The final two wines of tasting from Jeff Cohn Cellars show the two thrusts in his approach to wines. As stated, “single vineyard Zinfandel and Rhone-centric wines that walk a tightrope, balancing the pure expression of California fruit with the Rhone-influenced winemaking of vintner Jeff Cohn” the last two wines that I had at Fine Wine Source exemplified this concept. A single vineyard wine and a California blend and both were Zinfandel at their soul. I should also mention that Jeff Cohn has a soul and he has found a way to praise his Mother, who believed in him and helped him financially to attain his dream as he has says “the Iris on the label is a constant reminder that my mother, Iris, is celebrated and recognized in every wine we make.”
The Jeff Cohn Cellars Orcio Zinfandel Cassata Vineyard 2015 shows his single vineyard passion with a wine made from Sonoma County. The wine is seventy-five percent Zinfandel and the balance is Petite Sirah and this wine while the winemaker feels that it has a slight Rhone feel with a side trip to Italy, because this wine has been aged for ten months in Italian terra-cotta amphorae. Here was a wine that delivered what I thought was a very subtle and interesting Zinfandel with rounded edges and some different spices that I couldn’t totally identify and I attribute it to the amphorae. The wine had a nice long finish and there were only eighty-five cases made of this wine, so it may prove to be a bit more elusive in a search.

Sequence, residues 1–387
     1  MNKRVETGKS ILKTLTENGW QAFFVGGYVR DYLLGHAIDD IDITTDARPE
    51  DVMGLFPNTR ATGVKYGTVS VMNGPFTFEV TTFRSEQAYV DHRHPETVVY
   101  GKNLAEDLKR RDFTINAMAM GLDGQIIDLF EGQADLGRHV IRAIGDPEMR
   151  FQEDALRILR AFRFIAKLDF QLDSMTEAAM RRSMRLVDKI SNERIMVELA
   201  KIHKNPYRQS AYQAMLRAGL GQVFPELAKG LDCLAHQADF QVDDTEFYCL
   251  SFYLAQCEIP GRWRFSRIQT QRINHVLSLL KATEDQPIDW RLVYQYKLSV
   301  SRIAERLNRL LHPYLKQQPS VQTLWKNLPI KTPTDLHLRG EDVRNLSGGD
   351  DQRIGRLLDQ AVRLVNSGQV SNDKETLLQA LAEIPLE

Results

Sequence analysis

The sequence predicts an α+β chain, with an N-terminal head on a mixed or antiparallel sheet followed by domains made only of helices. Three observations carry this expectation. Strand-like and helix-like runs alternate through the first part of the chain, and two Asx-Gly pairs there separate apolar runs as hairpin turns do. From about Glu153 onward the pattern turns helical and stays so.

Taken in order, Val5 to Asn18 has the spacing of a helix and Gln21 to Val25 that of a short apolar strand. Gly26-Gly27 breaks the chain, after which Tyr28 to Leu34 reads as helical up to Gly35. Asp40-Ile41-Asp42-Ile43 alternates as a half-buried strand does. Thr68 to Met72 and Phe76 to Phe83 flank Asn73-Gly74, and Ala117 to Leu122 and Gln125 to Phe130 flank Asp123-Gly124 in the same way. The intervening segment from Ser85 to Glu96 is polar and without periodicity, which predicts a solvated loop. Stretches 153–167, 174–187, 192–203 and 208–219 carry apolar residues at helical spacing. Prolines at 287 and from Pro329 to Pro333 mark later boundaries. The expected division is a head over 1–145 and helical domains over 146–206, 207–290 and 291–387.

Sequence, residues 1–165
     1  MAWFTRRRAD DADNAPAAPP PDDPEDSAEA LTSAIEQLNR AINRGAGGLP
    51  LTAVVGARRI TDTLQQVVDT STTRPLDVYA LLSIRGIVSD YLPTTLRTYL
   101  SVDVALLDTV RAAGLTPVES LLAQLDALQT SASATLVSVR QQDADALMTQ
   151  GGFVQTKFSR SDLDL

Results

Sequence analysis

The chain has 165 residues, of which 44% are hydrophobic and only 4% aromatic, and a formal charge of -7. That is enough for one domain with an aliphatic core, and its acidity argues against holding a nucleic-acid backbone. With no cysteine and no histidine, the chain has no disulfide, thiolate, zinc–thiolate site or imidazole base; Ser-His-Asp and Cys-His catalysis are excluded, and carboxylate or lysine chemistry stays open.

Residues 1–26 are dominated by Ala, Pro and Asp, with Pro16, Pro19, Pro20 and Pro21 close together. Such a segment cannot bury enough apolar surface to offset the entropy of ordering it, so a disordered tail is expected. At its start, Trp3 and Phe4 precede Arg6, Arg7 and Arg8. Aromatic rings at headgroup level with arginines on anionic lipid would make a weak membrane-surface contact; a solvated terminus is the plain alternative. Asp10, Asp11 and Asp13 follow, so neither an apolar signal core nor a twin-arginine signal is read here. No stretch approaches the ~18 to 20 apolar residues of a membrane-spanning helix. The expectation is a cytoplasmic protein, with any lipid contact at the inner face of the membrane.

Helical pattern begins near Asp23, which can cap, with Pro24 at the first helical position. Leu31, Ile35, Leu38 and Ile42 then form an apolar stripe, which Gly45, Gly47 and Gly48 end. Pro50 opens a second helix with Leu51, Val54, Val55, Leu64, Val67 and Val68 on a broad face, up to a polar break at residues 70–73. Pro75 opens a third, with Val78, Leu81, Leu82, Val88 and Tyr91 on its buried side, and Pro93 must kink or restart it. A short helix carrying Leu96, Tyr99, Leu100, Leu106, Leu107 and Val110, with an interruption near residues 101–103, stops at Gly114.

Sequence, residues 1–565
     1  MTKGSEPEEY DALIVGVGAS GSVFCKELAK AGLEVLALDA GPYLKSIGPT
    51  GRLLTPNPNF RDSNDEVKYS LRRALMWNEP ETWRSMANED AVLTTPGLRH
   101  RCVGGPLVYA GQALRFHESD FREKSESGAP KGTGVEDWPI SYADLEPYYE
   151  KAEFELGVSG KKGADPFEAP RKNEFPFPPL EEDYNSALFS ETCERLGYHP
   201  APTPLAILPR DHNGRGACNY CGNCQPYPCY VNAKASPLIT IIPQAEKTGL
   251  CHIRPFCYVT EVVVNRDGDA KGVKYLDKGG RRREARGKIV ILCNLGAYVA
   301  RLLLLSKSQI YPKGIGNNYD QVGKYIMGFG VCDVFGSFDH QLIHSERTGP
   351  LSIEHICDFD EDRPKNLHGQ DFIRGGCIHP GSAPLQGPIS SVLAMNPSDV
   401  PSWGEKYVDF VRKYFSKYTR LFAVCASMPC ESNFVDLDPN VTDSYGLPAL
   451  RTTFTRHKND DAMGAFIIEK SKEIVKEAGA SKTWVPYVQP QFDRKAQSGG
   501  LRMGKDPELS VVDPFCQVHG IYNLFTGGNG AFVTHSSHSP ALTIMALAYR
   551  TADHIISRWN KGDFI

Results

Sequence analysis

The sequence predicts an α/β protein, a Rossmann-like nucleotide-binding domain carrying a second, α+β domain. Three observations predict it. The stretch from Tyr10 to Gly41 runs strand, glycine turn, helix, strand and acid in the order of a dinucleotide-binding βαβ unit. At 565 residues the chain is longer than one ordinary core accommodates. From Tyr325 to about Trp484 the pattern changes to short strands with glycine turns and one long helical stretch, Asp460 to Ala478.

The last wine was the Jeff Cohn Cellars Dealmaker 2016 and here was a wine that had fruit from Sonoma and Amador Counties and beyond, just a big California Zinfandel that actually was blended with twenty percent Petite Sirah and came with a screw-cap. This wine offered black cherries and black pepper and I wrote “good, all the way around.” It was the most affordable wine of the group and that was its mission. It is a dealmaker, because everybody will leave the table happy with the outcome. I have to admit that it was just a fun and educational way to spend an afternoon. The best thing is that none of the wines were that expensive, especially considering the passion and the craftmanship involved, and this from a guy that used to shun all Zinfandels, what I probably missed in the last fifty years.
Our wine rep brought those by the shop this past week. I admit, they were rather well made, easy to like wines. don’t know if we’ll get any, but agree with your assessment.
Marshall, that is what makes horse races and while there are always new horses to watch and admire, we must also watch and admire other wines as well. Enjoy my friend, and I shall have to get out there to see you. – John